What's Really Wrong with the G5 iMac
New iMac Falls Short by Standing Too Tall
by David Lang (Posted: 9/13/04)
[Please Note: As with all Bully Pulpit articles, the views expressed in this opinion piece are completely my own, and are not necessarily representative of CMUG.]
Change is Good
It's been two weeks since Phil Schiller introduced the third-generation iMac at Apple Expo in Paris, and by now, nearly everyone has weighed in with their opinions of it. Some have criticized it for being evolutionary rather than revolutionary. Others have praised it for its elegant minimalism. Some have made much of Apple's iPod-iMac comparisons, seeing it as one more indication that the Mac is taking a backseat to the music player. Heck, there's probably some PC pundit out there who will whine about its lack of a floppy drive! The one thing everyone is in agreement on is that it was high time for Apple to do something with the iMac line.
Any evaluation of the latest iMac must necessarily take into account the previous iMac designs. Here we see the three major incarnations of the iMac side by side.
The first-generation iMac design was cute, colorful, and playful, in sharp contrast to the boring beige boxes which were so prevalent at that time. People loved it, and unless I'm mistaken, it remains the single best-selling computer model ever made. It was the perfect product at the perfect time: radically different from everything else out there, immediately recognizable, appealing on an emotional level, and relatively inexpensive. Apple extended iMac's playful appeal with fruity colors and even the too avant-garde blue dalmatian and flower-power patterns, but like all fashion statements, the gumdrop iMac eventually became old hat.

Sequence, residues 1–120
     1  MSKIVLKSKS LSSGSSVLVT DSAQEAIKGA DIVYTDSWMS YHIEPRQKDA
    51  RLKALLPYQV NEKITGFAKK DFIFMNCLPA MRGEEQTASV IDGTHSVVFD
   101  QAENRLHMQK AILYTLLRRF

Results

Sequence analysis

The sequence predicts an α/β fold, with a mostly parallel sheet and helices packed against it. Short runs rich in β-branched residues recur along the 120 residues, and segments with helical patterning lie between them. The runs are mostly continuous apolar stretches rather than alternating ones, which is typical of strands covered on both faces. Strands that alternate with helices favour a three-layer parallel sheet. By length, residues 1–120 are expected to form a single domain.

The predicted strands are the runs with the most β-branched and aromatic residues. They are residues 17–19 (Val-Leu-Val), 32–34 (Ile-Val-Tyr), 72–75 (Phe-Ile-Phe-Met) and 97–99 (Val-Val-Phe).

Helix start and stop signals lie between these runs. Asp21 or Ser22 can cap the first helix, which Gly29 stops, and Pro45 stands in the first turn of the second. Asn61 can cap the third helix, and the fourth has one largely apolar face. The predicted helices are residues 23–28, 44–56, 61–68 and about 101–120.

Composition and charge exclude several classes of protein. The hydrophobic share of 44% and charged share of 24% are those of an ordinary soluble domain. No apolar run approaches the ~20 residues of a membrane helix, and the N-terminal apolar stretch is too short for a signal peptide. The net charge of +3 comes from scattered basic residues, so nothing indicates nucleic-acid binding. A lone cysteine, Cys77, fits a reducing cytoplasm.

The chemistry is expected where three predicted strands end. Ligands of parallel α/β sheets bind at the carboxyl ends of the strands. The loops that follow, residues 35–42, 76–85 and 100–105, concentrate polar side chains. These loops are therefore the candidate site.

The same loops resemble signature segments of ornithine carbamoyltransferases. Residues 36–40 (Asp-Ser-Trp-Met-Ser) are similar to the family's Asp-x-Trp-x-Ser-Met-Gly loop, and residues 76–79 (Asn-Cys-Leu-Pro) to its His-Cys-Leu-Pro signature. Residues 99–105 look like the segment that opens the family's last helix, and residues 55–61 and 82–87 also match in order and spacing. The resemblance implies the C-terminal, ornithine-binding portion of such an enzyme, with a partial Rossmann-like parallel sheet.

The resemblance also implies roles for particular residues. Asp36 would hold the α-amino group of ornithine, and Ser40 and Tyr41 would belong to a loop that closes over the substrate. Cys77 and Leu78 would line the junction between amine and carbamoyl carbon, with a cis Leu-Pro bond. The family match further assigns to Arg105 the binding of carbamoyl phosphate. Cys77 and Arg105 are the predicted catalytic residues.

In many ways, the desk lamp-shaped iMac G4 was an even more radical design shift. While not as cuddly and playful as the original iMac, its fully-adjustible "face" gave it a kind of personalitya personality clearly reminiscent of Pixar animation's bouncing lamp named Luxo. The commercial where a G4 iMac in a storefront window mimics the movements and facial expressions of a man passing by captured this sense of personality perfectly. Of the three iMac designs, I think the G4 iMac looked the least like a computer. It looks more like some friendly robotic personal assistant. The G4 iMac also possesses a kind of sophisticated styling that makes it look "richer" and more classy than the original iMac. The original iMac had a kind of unpretentious approachability, but the G4 iMac has a decidedly more yuppie air.
Once again, the G4 iMac proved to be radically different from everything else out there, but by this time the beige box PC had given way to black or gray CPUs with a modicum of style, typically accompanied by cheap, matching flat-panel displays. Also by this time, PC prices (at least those of the bare-bones PCs which computer manufacturers use as a "hook") had plummeted to a point where the all-in-one iMac seemed much more expensive by comparison. The introduction of the eMac was an attempt by Apple to offer a low-cost alternative to the iMac, but it also seems to have eroded the iMac's identity as an affordable, entry-level Mac. Given all of these factors, it is not surprising that while successful, the G4 iMac could not match the success or longevity of the original iMac design.